Osborn now moves for summary judgment against all Plaintiffs and Cross-Complainants on the grounds that a cause of action for negligence cannot be proved against him.

No opposition to the motion has been filed by any party.

Factual Background

The following facts are largely undisputed relevant to the instant motion.

This action arose from a multi-vehicle collision (the “Subject Accident”) that occurred on December 31, 2016 on southbound Interstate 5 in California. (Separate Statement of Material Facts (“DSS”), ¶ 1; Exhibit C (Carlos Hernandez Responses to Form Interrogatories, number 20.1.) At the time of the Subject Accident, Osburn was the driver of a 2008 Honda Civic. (Osburn Declaration in Support of Motion, ¶¶ 3-4; Exhibit D to Appendix of Exhibits.) Jim-Chin Chang (“Chang”), cross-defendant on Osburn’s cross-complaint, was driving the vehicle immediately in front of Osburn prior to the Subject Accident. (see Cross-Complaint of Osburn, filed February 2, 2018; DSS ¶ 3.)

At the time of the Subject Accident, there was heavy fog on the roadway. (DSS, ¶ 17; Osburn Decl., ¶ 7; Exhibit E at p. 19:1-19, 36:11-19; Exhibit A at p. 29:2-11, Exhibit P at p. 38:17-39:1, Exhibit B at p. 11:13-23, 17:12-24.) Prior to the Subject Accident occurring, Osburn engaged his hazard lights due to the heavy fog. (DSS ¶ 18; Osburn Decl., ¶ 8; Exhibit A at p. 33:19-34:14.) Osburn’s vehicle was stopped before the Subject Accident occurred because there were vehicles stopped in front of Osburn’s vehicle. (DSS, ¶ 19; Osburn Decl., ¶¶ 9-10.; Exhibit A at p. 36:11-14; Exhibit B at p. 72:23-73:17.) Chang was also stopped prior to the Subject Accident and Chang recalls that Osburn was also stopped during the entire period. (DSS, ¶¶ 19-20; Exhibit A, 63:23-64:6.)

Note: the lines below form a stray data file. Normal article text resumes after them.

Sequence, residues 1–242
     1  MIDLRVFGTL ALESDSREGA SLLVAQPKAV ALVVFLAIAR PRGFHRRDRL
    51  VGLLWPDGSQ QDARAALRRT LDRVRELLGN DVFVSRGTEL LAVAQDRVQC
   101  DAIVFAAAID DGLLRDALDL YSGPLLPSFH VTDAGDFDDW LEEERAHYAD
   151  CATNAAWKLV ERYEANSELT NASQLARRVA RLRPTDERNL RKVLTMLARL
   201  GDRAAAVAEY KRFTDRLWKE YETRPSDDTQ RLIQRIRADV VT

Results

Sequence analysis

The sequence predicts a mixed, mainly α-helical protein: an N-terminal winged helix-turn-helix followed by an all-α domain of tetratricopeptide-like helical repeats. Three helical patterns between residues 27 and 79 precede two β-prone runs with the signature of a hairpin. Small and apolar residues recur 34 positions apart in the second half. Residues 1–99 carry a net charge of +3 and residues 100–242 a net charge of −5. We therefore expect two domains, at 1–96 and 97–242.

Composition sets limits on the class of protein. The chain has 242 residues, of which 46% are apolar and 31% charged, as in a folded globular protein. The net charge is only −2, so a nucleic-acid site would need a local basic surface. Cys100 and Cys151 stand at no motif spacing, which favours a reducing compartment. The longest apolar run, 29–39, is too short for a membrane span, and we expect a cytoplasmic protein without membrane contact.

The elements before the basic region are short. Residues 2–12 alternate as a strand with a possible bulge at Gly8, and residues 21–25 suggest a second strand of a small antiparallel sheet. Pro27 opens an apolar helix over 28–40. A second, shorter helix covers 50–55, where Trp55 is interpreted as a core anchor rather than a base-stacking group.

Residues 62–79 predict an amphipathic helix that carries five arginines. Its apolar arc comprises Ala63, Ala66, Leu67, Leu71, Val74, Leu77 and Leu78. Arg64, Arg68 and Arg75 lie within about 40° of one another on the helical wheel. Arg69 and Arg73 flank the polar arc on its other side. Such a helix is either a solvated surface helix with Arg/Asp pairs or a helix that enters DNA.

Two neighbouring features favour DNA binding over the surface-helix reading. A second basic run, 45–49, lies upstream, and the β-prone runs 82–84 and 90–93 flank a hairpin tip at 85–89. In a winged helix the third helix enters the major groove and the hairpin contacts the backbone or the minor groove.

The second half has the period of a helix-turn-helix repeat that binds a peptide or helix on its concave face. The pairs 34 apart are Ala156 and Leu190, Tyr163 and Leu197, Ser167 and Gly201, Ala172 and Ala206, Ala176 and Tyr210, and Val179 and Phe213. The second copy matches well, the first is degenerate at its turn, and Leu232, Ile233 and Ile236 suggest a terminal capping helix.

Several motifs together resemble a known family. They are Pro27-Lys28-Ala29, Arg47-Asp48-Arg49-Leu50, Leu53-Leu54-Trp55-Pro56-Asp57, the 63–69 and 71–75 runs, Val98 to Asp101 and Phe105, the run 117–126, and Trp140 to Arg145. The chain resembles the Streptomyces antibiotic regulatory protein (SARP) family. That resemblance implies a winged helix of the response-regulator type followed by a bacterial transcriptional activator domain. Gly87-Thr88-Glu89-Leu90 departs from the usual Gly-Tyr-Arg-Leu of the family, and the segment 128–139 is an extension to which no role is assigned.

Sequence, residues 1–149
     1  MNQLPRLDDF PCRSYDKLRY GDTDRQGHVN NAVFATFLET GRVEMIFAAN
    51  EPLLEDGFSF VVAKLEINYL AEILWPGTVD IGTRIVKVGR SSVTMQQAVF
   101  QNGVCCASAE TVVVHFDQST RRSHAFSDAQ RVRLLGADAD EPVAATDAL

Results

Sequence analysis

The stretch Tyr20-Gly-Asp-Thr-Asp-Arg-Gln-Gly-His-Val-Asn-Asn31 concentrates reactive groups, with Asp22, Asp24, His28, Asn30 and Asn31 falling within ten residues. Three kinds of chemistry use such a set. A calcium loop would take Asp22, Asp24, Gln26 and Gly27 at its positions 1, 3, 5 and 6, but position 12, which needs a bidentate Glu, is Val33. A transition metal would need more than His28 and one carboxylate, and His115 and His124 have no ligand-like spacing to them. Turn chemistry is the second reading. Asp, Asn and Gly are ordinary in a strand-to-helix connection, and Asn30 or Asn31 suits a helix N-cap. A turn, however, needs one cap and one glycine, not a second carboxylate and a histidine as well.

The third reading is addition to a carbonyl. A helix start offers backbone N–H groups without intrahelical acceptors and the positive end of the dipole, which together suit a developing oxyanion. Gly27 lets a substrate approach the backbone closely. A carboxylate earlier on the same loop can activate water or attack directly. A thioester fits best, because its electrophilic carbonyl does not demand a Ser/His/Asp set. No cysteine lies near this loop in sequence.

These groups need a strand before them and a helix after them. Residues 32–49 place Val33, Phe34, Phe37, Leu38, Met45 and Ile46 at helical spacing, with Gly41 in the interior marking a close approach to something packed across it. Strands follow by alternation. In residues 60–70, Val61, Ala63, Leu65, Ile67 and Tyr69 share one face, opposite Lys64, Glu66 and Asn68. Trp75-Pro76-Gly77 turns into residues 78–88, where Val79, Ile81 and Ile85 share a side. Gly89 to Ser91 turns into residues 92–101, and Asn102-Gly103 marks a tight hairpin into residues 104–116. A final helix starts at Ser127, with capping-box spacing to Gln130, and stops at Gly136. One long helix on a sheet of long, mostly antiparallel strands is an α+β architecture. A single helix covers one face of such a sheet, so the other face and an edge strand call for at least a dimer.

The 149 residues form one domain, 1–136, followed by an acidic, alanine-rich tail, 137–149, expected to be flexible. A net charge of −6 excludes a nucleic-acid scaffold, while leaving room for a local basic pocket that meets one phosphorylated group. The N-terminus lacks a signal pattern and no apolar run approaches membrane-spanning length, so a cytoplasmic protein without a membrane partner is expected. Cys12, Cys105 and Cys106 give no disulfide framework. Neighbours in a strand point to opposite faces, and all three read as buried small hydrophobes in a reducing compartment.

Decedents’ vehicle first impacted the rear of Chang’s vehicle. (DSS ¶ 21.) As a result of this impact, Chang’s vehicle was pushed into the rear of Osburn’s vehicle. (DSS ¶ 22; Exhibit A at p. 48-14-21; Exhibit B. at p. 72:25-73:8.)

Sometime after these collisions, Gutierrez stopped his vehicle. (DSS ¶ 23; Exhibit E at p. 27:9-11.) After Gutierrez stopped his vehicle, Exel’s vehicle, driven by Perfecto, impacted Gutierrez’s vehicle. (DSS ¶ 25; Exhibit E at p. 32:12-16.) Exel’s vehicle, driven by Perfecto, then impacted decedents’ vehicle, which had been stopped due to the impact with Chang’s vehicle. (DSS ¶ 26; Exhibit P at p. 66:9-12; Exhibit B at p. 23:24-24:20; 28:14-16.

Officer Richard Anthes, who responded to and investigated the accident, found no evidence that Osburn caused the Subject Accident. (DSS, ¶ 27; Exhibit B at p. 111:6-8; 113:8-13.)

Discussion

I. Legal Standard

“The purpose of the law of summary judgment is to provide courts with a mechanism to cut through the parties’ pleadings in order to determine whether, despite their allegations, trial is in fact necessary to resolve their dispute.” (Aguilar v. Atlantic Richfield Co. (2001) 25 Cal.4th 826, 843.) Pursuant to Code of Civil Procedure, section 437c, subdivision (a):